Cuteness With a Purpose

Tuesday, May 12, 2009

By Wray Herbert

Fans of the old TV sitcom Seinfeld will recall the episode in which Jerry and Elaine visit their friend Carol and her newborn baby Adam in the Hamptons. The proud Mom wants to show Adam off, but when she ushers Jerry and Elaine into the nursery, they are dumbstruck with horror at the baby’s looks. They manage to hide their feelings and say a few polite words, but when they’re out of earshot they can’t hold back:

Jerry: “Is it me or was that the ugliest baby you have ever seen?
Elaine: “Uh, I couldn’t look. It was like a Pekinese.”
Jerry: “Boy, a little too much chlorine in that gene pool. And you know, the thing is, they’re never going to know. No one’s ever going to tell them.”

Jerry’s right. Nobody is going to tell them—or any parent for that matter—that their baby isn’t cute. That would be cruel, and parental love trumps any objective, universal standard of cuteness anyway. But cruel or not, the fact is that some babies are cuter than others. Unless it’s your own kid, most people agree that features like big eyes, a large forehead and pinchable cheeks add up to cute.

But what is cuteness for? Psychologists have speculated that cuteness might trigger emotional bonding and nurturance in parents, and there is some evidence that women have keener perceptions than men when it comes to subtle variations of cuteness. But no clear biological link has been found between cuteness and womanhood and mothering—until now.

Psychologist Reiner Sprengelmeyer of the University of St. Andrews and an international team of colleagues decided to explore the possibility that female hormones might be linked to perception of facial cuteness. They used photographs of babies that had been manipulated by computer to very subtly alter the level of cuteness, and tested the perceptions of both women and men of various ages.

Their findings were intriguing. Young women, from 19 to 26 years old, were much more sensitive to nuances of cuteness than were either young or older men. That’s interesting in itself, but it gets better: Women who were between ages 45 and 51 were just like the younger women in their sensitivity, but women 53 to 60 were just like the men. The dividing line is right around the typical time of menopause, suggesting that female reproductive hormones may play a role on cuteness perception.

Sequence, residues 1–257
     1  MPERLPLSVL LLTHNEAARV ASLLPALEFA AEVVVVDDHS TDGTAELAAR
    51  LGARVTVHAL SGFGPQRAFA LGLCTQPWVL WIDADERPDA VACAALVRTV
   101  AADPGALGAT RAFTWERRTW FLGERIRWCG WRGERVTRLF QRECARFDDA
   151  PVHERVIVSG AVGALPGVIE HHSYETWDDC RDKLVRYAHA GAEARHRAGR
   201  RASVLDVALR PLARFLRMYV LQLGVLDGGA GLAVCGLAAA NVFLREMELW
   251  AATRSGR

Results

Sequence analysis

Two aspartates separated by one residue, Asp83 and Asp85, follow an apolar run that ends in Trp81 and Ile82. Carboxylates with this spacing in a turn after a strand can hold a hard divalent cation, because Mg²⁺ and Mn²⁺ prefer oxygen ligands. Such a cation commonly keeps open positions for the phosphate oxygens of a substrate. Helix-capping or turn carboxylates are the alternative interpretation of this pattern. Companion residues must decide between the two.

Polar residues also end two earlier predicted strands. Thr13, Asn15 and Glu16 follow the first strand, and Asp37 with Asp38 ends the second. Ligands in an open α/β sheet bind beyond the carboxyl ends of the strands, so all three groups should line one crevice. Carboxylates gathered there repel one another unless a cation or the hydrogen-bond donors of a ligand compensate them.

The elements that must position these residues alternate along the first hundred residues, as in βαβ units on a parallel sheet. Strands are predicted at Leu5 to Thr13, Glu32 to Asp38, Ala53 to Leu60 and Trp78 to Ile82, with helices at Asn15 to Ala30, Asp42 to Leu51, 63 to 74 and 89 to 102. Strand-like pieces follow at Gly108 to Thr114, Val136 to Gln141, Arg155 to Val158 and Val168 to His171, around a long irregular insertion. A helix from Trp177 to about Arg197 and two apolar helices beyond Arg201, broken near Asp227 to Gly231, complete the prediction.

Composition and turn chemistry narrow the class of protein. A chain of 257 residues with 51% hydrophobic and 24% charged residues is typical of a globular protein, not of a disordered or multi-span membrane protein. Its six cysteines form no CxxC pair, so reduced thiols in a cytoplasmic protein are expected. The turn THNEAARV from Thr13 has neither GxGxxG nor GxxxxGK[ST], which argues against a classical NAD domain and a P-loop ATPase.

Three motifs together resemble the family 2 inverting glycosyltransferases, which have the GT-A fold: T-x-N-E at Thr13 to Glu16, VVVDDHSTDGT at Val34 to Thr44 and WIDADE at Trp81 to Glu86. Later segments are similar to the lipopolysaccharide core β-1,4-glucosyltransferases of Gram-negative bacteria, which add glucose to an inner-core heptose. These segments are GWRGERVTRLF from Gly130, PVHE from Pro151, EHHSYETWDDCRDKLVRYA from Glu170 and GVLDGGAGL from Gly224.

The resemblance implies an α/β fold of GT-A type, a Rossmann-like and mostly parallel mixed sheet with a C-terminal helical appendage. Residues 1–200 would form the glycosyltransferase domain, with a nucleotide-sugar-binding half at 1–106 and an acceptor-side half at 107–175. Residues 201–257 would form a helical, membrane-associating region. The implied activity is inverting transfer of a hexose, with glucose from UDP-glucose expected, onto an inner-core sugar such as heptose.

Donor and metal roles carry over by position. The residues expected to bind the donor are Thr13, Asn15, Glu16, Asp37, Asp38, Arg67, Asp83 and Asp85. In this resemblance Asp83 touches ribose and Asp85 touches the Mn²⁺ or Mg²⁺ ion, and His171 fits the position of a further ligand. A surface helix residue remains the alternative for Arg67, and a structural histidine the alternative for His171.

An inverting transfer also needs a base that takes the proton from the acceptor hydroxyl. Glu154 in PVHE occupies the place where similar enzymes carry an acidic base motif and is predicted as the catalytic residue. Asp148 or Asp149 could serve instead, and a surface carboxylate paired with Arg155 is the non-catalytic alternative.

The psychologists ran a second test to double-check these findings, this time comparing pre- and post-menopausal women of the same age. They also tested young women who were (or were not) taking oral contraceptives, which artificially boost female hormones. The findings confirmed the link: As reported in the journal Psychological Science, older pre-menopausal women and younger women on the pill were much more sensitive to subtle variations in babies’ cuteness.

These studies do not show how hormones shape women’s judgments of cuteness. But since all the volunteers could see equally well, it’s likely that cuteness also elicits heartwarming emotions, and that the emotional response is entangled with actual perception of cuteness. Whatever the exact mechanism, it appears that cute babies are well designed by nature to make the rewards of motherhood outweigh all the hard work.

For more insights into the quirks of human nature, visit "We're Only Human" at Excerpts from the blog also appear regularly in the magazine Scientific American Mind and at

posted by Wray Herbert @ 11:50 AM


At 12:01 AM , Blogger michelle said...

this is a very interesting topic: cuteness of babies. i'd say besides facial figures, whether babies can make cute voice, or even speak decent words when they are old enough could be a trigger too!!
awesome writing!! i am Chinese and i totally love your work!! keep rolling!!

At 9:36 PM , Blogger Marianna said...

Finally, an interesting and informative take on cuteness (with a picture of an adorable baby, no less!). I posted a link on my Facebook wall and I go to a women's college...'nuff said.

At 4:00 AM , Blogger Julie Ann said...

I am working with kids right now and this has been very very interesting and informative. Thanks!

At 4:01 AM , Blogger Julie Ann said...

I am working with children right now as a therapist and this has been very, very interesting and informative! Thanks!


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